The guys also share their biggest takeaways from those interviews, which includes your daily Corey Crawford update and Quenneville appeared excited that the team has plenty of cap space to spend in free agency.

Listen to the full episode at this link or in the embedded player below:

It's only one start, but that's the Lucas Giolito that White Sox fans expected to see this season

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USA TODAY

It's only one start, but that's the Lucas Giolito that White Sox fans expected to see this season

The preseason expectations and the results have been drastically different for Lucas Giolito.

Expected to be the best pitcher on the White Sox starting staff, Giolito hasn’t come too close to that title, instead heading into Friday’s doubleheader with the most earned runs allowed of any pitcher in baseball. His walk total has been among the highest in the game all year long, too. And the calls from social media to send him down to Triple-A haven’t been at all infrequent.

But Friday, White Sox fans got a glimpse at what they expected, a look at the guy who earned so much hype with a strong September last season and a dominant spring training.

It wasn’t a performance that would make any reasonable baseball person’s jaw drop. But it was the best Giolito has looked this season. He still allowed four runs on seven hits — as mentioned, not a Cy Young type outing — but he struck out a season-high eight batters. Prior to giving up the back-to-back singles to start the eighth inning that brought an end to his evening, he’d surrendered just two runs.

Most importantly he walked just two guys and didn’t seem to struggle with his command at all. That’s a big deal for a pitcher who had 45 walks to his name prior to Friday.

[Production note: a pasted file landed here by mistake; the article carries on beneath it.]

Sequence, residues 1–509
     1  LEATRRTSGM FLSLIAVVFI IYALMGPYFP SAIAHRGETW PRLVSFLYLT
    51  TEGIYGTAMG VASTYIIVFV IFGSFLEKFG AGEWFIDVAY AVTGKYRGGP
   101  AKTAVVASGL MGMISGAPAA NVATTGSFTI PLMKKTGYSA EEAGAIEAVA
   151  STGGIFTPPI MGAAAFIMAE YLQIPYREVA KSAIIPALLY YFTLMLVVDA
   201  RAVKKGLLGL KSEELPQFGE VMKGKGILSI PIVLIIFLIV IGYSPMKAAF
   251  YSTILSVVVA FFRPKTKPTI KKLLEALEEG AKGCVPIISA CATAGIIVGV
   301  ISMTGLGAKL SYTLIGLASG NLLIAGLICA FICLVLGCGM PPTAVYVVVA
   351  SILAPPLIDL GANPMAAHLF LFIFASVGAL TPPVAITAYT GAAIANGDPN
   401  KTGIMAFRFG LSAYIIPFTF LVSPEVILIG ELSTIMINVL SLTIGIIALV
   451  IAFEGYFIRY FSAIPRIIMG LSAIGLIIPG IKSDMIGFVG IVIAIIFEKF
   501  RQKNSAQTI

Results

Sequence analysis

“You know it was a tough eighth inning, but throughout the whole game, I felt in sync,” Giolito said. “(Catcher Omar Narvaez) and I were working really well, finally commanding the fastball the way I should. Definitely the best I felt out there this year, for sure. Velocity was up a tick. Just felt right, felt in sync. Just competed from there.”

Confidence has never left Giolito throughout the poor results, and he’s talked after every start about getting back on the horse and giving it another try. Consistently working in between starts, things finally seemed to click Friday night.

“It all worked today,” manager Rick Renteria said. “(Pitching coach Don Cooper) says that every bullpen has gotten better, from the beginning to this point. He sees progress. The velocity that he showed today was something that Coop was seeing in his work. You can see that his delivery is continuing to improve. He was trusting himself, really attacking the strike zone, trusted his breaking ball today when he need to and just tried to command as much as he could. Did a nice job.”

Giolito went through this kind of thing last year, when he started off poorly at Triple-A Charlotte with a 5.40 ERA through his first 16 starts. But then things got better, with Giolito posting a 2.78 ERA over his final eight starts with the Knights before getting called up to the big leagues.

This was just one start, of course, but perhaps he can follow a similar formula this year, too, going from a rough beginning to figuring things out.

“I’m not trying to tinker or think about mechanics anymore,” he said. “It’s about flow, getting out there and making pitches. We were able to do that for the most part.

“I’ll watch video and see certain things, and I have little cues here and there. But I’m not going to go and overanalyze things and nitpick at certain stuff anymore. It’s about going there and having fun and competing.”

Maybe that’s the secret. Or maybe this is simply a brief flash of brilliance in the middle of a tough first full season in the bigs.

Whatever it was, it was the best we’ve seen of Giolito during the 2018 campaign. And it was far more like what was expected back before that campaign got going.